13. Judge, G. G., and Yancey, T. A., Improved Methods of Inference in Econometrics, North-Holland, Amsterdam, The Netherlands, 1986.Google Scholar
  14. Kim, D. S., and Nagurney, A., “Massively parallel implementation of the Splitting Equilibration Algorithm,” Computer Science in Economics and Management 6 (1993) 151–161.Google Scholar
  15. King, B. B., “What is a SAM?” in Social Accounting Matrices: A Basis for Planning, G. Pyatt and J. I. Round, editors, The World Bank, Washington, DC, 1985.Google Scholar
  16. Klincewicz, J., “Implementation of an exact Newton method for separable convex transportation problems,” Networks 19 (1989) 95–105.CrossRefGoogle Scholar
  17. Kruithof, J., “Telefoonverkeersrekening,” De Ingenieur 3 (1937) 15–25.Google Scholar
  18. Nagurney, A., “An algorithm for the solution of a quadratic program- ming problem with application to constrained matrix and spatial price equilibrium problems,” Environment and Planning A 21 (1989) 99–114.CrossRefGoogle Scholar
  19. Nagurney, A., and Eydeland, A., “A Splitting Equilibration Algorithm for the computation of large-scale constrained matrix problems: theoretical analysis and application,” in Computational Economics and Econometrics, Advanced Studies in Theoretical and Applied Econometrics 22, pp. 65–105, H. M. Amman, D. A. Belsley, and L. F. Pau, editors, Kluwer Academic Publishers, Dordrecht, The Netherlands, 1992a.Google Scholar
  20. Nagurney, A., and Eydeland, A., “A parallel network equilibration algorithm for a class of constrained matrix problems,” Transportation Science 26 (1992b) 59–68.CrossRefGoogle Scholar
  21. Nagurney, A., and Hughes, M., “Financial flow of funds networks,” Networks 22 (1992) 145–161.CrossRefGoogle Scholar
  22. Nagurney, A., Kim, D. S., and Robinson, A. G., “Serial and parallel equilibration of large-scale constrained matrix problems with application to the social and economic sciences,” The International Journal of Supercomputer Applications 4. 1 (1990) 49–71.Google Scholar
  23. Nagurney, A., and Robinson, A. G., “Algorithms for quadratic constrained matrix problems,” Mathematical and Computer Modelling 16 (1992) 53–65.CrossRefGoogle Scholar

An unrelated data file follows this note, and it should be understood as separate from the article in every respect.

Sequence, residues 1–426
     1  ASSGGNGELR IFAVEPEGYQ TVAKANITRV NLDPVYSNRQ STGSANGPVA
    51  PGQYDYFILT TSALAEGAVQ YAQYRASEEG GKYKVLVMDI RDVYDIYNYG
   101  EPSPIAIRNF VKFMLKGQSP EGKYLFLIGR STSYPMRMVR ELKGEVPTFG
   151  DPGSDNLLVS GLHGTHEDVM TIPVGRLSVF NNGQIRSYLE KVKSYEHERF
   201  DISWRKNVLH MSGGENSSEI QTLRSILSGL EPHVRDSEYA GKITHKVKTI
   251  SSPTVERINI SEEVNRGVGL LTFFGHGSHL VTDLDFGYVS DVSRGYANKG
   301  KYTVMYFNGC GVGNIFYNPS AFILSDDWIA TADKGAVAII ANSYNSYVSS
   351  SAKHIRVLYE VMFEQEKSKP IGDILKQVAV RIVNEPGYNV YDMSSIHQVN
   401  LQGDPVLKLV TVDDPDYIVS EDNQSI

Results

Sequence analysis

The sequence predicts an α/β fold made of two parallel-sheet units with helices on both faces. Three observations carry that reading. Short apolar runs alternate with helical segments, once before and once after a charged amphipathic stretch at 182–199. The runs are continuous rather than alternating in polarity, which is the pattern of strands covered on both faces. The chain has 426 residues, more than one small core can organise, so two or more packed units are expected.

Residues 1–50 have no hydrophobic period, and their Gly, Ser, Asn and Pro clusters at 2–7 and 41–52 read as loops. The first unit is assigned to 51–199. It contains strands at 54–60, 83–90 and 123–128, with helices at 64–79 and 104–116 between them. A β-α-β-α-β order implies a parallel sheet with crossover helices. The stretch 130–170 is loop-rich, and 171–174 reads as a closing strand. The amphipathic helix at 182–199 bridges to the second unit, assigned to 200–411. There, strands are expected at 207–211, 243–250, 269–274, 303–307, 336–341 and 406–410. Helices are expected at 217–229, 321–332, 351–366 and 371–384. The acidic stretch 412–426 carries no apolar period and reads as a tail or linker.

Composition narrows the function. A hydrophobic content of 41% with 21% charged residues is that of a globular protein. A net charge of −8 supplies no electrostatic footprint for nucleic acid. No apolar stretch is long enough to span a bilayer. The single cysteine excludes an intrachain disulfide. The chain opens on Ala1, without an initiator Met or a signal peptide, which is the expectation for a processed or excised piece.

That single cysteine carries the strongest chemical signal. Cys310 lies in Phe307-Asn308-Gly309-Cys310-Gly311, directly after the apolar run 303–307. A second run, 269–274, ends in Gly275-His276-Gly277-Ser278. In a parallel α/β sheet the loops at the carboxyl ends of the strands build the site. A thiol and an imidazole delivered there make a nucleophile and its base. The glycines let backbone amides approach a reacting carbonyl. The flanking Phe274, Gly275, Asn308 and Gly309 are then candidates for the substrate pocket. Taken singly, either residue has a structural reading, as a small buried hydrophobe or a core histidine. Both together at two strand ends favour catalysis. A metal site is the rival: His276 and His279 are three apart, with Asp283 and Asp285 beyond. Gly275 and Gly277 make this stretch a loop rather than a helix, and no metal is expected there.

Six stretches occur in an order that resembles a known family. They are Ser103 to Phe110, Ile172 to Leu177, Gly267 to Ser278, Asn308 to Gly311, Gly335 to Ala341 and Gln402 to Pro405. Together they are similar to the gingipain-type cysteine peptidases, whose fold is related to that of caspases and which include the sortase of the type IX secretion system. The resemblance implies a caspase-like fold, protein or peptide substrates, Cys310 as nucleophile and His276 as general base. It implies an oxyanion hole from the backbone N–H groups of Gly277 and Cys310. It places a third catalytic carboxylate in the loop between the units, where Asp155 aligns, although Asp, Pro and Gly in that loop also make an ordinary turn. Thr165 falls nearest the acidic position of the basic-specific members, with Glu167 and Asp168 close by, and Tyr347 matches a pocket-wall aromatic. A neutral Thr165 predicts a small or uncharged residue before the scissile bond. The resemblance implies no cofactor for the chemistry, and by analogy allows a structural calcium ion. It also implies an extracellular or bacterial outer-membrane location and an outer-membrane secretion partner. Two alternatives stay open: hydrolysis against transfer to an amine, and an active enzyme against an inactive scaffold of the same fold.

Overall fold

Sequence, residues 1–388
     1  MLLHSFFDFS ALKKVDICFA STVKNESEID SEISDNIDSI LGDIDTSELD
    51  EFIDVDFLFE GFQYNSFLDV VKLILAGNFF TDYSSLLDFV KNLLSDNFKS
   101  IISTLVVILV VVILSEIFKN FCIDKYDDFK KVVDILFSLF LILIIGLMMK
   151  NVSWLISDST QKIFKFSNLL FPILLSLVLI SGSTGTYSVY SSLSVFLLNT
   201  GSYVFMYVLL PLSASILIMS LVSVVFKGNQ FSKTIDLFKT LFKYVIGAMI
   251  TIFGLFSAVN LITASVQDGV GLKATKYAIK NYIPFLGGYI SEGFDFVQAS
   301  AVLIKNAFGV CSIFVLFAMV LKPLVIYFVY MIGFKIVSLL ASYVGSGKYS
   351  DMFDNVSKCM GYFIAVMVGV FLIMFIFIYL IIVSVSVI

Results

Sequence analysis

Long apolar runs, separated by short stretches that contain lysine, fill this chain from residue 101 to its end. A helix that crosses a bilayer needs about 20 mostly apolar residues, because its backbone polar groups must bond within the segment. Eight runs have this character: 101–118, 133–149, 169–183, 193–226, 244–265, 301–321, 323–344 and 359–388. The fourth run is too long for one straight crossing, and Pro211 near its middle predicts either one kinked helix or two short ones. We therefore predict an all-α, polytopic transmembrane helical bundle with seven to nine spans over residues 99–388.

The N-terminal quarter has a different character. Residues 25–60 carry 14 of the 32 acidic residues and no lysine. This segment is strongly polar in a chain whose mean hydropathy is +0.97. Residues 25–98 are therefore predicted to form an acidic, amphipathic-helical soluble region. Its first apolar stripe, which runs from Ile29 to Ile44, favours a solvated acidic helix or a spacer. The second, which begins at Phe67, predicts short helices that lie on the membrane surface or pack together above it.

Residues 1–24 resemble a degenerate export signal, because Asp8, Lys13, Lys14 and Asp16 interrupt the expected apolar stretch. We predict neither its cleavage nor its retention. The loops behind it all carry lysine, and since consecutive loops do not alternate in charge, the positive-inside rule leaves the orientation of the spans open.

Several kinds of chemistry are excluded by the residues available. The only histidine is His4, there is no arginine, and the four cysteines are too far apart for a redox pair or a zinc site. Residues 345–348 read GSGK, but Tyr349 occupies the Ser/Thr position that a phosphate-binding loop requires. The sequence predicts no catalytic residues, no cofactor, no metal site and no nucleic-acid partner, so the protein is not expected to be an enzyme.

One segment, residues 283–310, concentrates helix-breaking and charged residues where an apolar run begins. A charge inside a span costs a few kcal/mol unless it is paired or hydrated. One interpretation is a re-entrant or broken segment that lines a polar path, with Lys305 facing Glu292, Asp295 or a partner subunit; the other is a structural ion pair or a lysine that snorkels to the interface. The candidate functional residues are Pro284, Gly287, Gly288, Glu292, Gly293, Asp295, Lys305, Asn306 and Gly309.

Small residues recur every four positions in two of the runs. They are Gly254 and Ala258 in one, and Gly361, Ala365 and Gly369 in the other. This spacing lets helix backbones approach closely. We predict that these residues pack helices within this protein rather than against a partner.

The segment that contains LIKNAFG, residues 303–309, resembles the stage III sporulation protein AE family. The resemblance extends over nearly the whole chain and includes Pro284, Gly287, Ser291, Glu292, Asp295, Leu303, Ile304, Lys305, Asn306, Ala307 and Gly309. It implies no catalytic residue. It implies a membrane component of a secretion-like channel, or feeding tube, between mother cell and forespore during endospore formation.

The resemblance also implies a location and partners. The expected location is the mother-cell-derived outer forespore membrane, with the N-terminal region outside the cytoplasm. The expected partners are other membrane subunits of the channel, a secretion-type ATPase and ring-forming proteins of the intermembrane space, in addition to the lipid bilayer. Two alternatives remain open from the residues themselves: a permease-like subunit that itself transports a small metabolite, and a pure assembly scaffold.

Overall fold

24. Ohuchi, A., and Kaji, I., “Lagrangean dual coordinatewise maximization for network transportation problems with quadratic costs,” Networks 14 (1984) 525–530.CrossRefGoogle Scholar
  25. Polenske, K. E., U. S. Multiregional Input-Output Accounts and Model, Lexington Books, Lexington, Massachusetts, 1980.Google Scholar
  26. Quesnay, F., Tableau Economique, 1758, reproduced in facsimile with an introduction by H. Higgs by the British Economic Society, 1895.Google Scholar
  27. Schneider, M. H., and Zenios, S., “A comparative study of algorithms for matrix balancing,” Operations Research 38 (1990) 439–455.CrossRefGoogle Scholar
  28. Stone, R., “Simple transaction models, information, and computing,” The Review of Economic Studies XIX, 49 (1951) 67–84.CrossRefGoogle Scholar
  29. Stone, R., “Multiple classifications if social accounting,” Bulletin de l’Institut International de Statistique 39 (1962) 215–233.Google Scholar
  30. Van der Ploeg, F., “Reliability and adjustment of sequences of large economic accounting matrices,” Journal of the Royal Statistical Society A 145 (1982) 169–184.Google Scholar
  31. Van der Ploeg, F., “Balancing large systems of national accounts,” Computer Science in Economics and Management 1 (1988) 31–39.Google Scholar

Copyright information

© Springer Science+Business Media Dordrecht 1999

Authors and Affiliations

  • Anna Nagurney
    • 1
  1. 1.University of MassachusettsAmherstUSA

Personalised recommendations